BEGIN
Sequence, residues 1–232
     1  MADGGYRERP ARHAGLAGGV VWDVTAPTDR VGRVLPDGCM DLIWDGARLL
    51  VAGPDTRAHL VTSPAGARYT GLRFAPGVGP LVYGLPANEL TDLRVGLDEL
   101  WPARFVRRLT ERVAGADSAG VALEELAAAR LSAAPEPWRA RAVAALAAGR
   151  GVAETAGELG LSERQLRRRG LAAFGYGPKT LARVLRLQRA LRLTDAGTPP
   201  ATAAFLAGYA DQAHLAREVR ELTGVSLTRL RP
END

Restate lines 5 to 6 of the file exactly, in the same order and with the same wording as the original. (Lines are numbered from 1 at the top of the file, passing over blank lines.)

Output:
   151  GVAETAGELG LSERQLRRRG LAAFGYGPKT LARVLRLQRA LRLTDAGTPP
   201  ATAAFLAGYA DQAHLAREVR ELTGVSLTRL RP